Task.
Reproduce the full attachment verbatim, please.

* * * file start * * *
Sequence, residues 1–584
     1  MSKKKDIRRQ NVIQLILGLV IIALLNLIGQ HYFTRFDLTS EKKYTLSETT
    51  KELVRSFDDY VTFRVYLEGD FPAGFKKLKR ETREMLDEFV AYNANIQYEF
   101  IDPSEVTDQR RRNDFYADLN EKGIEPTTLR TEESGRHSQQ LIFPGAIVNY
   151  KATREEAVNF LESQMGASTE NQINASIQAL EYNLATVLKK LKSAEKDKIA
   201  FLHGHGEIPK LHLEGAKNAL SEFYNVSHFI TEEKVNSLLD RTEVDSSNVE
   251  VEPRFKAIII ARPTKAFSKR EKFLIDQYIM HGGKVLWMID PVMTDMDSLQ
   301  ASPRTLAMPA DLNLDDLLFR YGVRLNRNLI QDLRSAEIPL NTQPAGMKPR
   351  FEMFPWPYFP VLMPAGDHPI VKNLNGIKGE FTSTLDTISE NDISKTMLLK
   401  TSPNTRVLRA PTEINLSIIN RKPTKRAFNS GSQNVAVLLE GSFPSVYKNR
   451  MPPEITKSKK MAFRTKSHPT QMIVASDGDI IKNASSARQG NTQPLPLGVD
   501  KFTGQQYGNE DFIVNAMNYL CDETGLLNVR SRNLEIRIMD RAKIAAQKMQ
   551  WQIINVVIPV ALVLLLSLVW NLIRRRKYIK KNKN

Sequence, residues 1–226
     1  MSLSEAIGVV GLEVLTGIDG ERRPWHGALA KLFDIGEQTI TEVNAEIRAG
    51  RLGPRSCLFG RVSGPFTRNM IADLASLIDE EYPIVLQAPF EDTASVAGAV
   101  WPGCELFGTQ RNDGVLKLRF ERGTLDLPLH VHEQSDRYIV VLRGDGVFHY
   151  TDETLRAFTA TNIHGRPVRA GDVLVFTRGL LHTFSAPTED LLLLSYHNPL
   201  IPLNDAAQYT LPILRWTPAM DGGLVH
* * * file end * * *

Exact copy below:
Sequence, residues 1–584
     1  MSKKKDIRRQ NVIQLILGLV IIALLNLIGQ HYFTRFDLTS EKKYTLSETT
    51  KELVRSFDDY VTFRVYLEGD FPAGFKKLKR ETREMLDEFV AYNANIQYEF
   101  IDPSEVTDQR RRNDFYADLN EKGIEPTTLR TEESGRHSQQ LIFPGAIVNY
   151  KATREEAVNF LESQMGASTE NQINASIQAL EYNLATVLKK LKSAEKDKIA
   201  FLHGHGEIPK LHLEGAKNAL SEFYNVSHFI TEEKVNSLLD RTEVDSSNVE
   251  VEPRFKAIII ARPTKAFSKR EKFLIDQYIM HGGKVLWMID PVMTDMDSLQ
   301  ASPRTLAMPA DLNLDDLLFR YGVRLNRNLI QDLRSAEIPL NTQPAGMKPR
   351  FEMFPWPYFP VLMPAGDHPI VKNLNGIKGE FTSTLDTISE NDISKTMLLK
   401  TSPNTRVLRA PTEINLSIIN RKPTKRAFNS GSQNVAVLLE GSFPSVYKNR
   451  MPPEITKSKK MAFRTKSHPT QMIVASDGDI IKNASSARQG NTQPLPLGVD
   501  KFTGQQYGNE DFIVNAMNYL CDETGLLNVR SRNLEIRIMD RAKIAAQKMQ
   551  WQIINVVIPV ALVLLLSLVW NLIRRRKYIK KNKN

Sequence, residues 1–226
     1  MSLSEAIGVV GLEVLTGIDG ERRPWHGALA KLFDIGEQTI TEVNAEIRAG
    51  RLGPRSCLFG RVSGPFTRNM IADLASLIDE EYPIVLQAPF EDTASVAGAV
   101  WPGCELFGTQ RNDGVLKLRF ERGTLDLPLH VHEQSDRYIV VLRGDGVFHY
   151  TDETLRAFTA TNIHGRPVRA GDVLVFTRGL LHTFSAPTED LLLLSYHNPL
   201  IPLNDAAQYT LPILRWTPAM DGGLVH